Logic as Theory of Validation: An Essay in Philosophical Logic
by Dr. Richard Paul
Dissertation submitted to the University of California at Santa Barbara in partial fulfillment for the degree of Ph.D. in Philosophy
I defend each of the following claims:
- that the matter/form distinction will not do as a means of accounting for the subject matter of logic. It is generally assumed that it is possible to distinguish the subject matter of the logician from the subject matter of the reasoner by claiming that the logician is concerned only with the “form: and not the “matter” of reasoning. I show that if the logician attempts to use matter/form distinction for this purpose, it is not possible to explain how it is that inductive logic, modal logic and deontic logic are taken to be fields of logic.
- that the concept of validation conditions for assertions and settlement-conditions for questions will do as a means of accounting for the subject matter of logic. In order to support this claim I a) make clear in what sense it is reasonable to talk of assertions as having “validation-conditions”, b) make clear in what sense it is reasonable to talk of questions as having “settlement-conditions”, c) make clear in what way the validation-conditions for assertions relate to the settlement conditions for questions, and d) make clear how it is that the concepts of calidations-conditions for assertions and settlement-conditions for questions are relevant to a theory of inference. This clarification paves the way for a recognition of the fact that the logician is already engaged in exploring the validation-conditions for certain classes of claims, though the user of the matter/form distinction and the truth/validity distinction obscures this fact.
- that if logic is concerned to develop tools for the evaluation of reasoning and if reasoning consists in the attempt to support, justify, substantiate, or validate a claim by advancing evidence which bears upon a claim, then a) the truth/validity distinction and b) the deductive/inductive reasoning distinctions are misleading and oversimplified dichotomies which stand in the way of, rather than facilitate, the development of tools for the evaluation of reasoning.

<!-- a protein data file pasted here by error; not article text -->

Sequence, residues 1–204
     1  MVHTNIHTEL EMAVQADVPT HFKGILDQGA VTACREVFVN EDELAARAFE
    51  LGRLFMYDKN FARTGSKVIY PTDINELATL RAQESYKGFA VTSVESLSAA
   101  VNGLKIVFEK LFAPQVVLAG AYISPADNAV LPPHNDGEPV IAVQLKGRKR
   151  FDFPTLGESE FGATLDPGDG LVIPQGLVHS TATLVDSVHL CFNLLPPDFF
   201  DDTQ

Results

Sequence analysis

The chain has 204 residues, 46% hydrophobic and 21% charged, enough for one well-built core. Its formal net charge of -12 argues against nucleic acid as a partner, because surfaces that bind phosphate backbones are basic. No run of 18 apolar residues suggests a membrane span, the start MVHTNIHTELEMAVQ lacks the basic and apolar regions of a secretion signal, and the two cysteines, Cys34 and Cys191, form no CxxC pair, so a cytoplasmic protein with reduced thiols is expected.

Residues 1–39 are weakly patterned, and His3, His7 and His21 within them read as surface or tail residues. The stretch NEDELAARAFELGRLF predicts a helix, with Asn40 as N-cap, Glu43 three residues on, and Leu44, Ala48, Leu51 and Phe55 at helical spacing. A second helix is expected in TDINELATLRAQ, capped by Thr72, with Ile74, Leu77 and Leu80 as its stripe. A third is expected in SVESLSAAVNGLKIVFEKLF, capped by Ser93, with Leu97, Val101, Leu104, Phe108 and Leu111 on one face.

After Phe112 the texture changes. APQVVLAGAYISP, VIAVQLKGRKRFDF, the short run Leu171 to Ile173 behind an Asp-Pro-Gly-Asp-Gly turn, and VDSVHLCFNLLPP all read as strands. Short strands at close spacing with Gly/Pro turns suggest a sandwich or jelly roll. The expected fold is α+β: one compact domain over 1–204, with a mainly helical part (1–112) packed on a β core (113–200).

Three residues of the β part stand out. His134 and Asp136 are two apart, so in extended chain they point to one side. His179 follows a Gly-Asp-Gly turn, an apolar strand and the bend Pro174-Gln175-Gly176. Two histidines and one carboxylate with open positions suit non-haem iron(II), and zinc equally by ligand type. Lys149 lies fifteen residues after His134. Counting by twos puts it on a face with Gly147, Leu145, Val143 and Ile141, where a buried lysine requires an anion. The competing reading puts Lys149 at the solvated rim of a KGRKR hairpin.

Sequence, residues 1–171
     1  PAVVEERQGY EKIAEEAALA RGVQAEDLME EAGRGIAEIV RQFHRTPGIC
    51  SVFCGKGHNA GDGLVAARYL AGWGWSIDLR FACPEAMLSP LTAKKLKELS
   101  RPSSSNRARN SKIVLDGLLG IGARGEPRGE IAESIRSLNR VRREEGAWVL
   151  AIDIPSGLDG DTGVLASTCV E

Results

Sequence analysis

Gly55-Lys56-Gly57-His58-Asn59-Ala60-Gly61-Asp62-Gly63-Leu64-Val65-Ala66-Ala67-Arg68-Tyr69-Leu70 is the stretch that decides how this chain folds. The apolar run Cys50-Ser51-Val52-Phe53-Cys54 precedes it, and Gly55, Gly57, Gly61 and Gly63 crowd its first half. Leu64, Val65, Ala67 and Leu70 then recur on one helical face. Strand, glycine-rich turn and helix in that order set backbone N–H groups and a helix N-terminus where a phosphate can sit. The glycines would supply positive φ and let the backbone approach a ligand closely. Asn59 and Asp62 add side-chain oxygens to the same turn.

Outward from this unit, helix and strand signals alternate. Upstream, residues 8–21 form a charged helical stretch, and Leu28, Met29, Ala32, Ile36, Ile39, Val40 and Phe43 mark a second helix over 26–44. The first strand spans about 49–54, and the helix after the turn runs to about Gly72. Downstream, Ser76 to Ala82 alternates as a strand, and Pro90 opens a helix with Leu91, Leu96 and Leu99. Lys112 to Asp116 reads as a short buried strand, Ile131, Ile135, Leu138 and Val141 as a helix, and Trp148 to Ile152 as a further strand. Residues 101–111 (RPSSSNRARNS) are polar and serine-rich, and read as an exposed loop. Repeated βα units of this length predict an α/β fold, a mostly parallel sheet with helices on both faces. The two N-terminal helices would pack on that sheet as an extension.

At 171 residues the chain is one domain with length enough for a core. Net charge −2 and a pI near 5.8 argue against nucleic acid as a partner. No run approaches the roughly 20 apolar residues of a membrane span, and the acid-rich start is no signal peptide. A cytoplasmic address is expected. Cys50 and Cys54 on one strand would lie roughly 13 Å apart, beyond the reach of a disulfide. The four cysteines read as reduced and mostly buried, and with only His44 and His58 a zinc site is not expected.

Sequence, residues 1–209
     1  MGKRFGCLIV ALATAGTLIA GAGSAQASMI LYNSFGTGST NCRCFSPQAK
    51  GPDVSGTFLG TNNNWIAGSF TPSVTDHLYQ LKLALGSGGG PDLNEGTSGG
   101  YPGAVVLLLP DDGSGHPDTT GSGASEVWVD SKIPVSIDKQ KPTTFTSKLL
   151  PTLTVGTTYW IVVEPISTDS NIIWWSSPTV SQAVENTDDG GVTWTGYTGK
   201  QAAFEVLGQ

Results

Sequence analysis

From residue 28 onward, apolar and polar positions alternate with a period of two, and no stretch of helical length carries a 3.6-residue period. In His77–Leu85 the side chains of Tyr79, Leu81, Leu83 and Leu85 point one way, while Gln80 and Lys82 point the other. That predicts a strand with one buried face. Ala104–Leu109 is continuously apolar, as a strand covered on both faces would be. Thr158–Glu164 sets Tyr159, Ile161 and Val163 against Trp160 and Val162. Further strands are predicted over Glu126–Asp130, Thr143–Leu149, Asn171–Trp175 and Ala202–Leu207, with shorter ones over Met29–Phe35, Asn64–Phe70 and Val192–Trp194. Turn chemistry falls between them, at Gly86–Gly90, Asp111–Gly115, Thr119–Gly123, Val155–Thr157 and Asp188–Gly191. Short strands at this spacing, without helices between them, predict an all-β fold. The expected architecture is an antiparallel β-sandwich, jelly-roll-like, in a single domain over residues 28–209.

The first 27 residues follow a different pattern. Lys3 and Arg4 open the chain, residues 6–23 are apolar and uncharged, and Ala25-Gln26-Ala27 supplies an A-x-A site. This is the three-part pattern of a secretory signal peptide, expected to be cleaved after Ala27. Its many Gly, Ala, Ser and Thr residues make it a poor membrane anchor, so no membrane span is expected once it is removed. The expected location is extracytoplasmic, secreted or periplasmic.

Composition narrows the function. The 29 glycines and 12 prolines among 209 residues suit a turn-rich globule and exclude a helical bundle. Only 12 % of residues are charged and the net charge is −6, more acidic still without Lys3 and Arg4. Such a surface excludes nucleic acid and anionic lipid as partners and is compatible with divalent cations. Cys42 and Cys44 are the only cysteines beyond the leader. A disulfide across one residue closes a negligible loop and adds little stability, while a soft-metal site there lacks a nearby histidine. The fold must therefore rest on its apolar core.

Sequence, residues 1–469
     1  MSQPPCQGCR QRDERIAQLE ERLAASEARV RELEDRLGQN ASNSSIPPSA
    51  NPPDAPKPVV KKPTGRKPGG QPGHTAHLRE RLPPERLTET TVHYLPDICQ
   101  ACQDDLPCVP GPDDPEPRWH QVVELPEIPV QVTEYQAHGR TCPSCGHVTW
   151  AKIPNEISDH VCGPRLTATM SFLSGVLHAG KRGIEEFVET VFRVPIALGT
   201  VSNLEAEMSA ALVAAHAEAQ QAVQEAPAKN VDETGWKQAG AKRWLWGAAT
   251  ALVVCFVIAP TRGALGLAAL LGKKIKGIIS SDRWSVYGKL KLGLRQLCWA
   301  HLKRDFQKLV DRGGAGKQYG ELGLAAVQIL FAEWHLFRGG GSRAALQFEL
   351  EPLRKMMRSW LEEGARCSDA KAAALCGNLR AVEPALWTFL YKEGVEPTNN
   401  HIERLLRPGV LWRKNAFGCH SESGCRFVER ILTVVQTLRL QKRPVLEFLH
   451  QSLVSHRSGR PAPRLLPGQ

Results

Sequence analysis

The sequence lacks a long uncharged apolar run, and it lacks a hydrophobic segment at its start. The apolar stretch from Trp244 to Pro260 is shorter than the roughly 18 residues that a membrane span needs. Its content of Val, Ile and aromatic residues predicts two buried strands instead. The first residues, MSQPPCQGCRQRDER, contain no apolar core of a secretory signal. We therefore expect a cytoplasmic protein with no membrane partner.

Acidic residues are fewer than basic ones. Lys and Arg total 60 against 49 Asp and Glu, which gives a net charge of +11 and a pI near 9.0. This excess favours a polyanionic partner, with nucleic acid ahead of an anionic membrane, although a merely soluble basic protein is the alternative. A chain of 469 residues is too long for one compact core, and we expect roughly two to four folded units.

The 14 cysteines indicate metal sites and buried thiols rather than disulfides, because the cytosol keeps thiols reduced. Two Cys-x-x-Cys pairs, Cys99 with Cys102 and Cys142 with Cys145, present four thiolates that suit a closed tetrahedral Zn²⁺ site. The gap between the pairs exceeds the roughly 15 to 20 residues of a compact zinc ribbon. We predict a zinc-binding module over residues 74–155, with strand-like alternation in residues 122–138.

- that it is possible (though not ordinarily profitable) to cast any line of reasoning into “valid” deductive form. I claim that such a reconstruction of reasoning (or the possibility of such a reconstruction) bears little relation to both the problem of dividing reasoning up into types and the problem of evaluating reasoning (in the sense of determining whether the evidence advanced is both relevant and sufficient). Reasoning, it is claimed, is properly divided up into types, not upon the basis of whether or not “premises” entail a conclusion, nor upon the basis of whether or not evidence is conclusive or not, but rather upon the basis of the kind of claim that is made (and so upon the basis of the kind of validation-conditions which are relevant).
- that the task of the logician (insofar as logic is concerned to develop tools for the analysis and evaluation of reasoning) is that of explicating the area of “the logic of language” which has been called “the logic of questions and assertions”. I claim that there is an intimate relationship between meaning, validation, and proof, and that the intersection of these concepts comes in the assertion-making function of language. I argue that one cannot separate the tasks of clarifying precisely what a reasoner is claiming from the task of determining what is relevant to the substantiation of that claim, and so, that one cannot determine whether the evidence advanced is relevant to the claim at issue, i.e., until one is clear as to the validation-conditions of the claim at issue.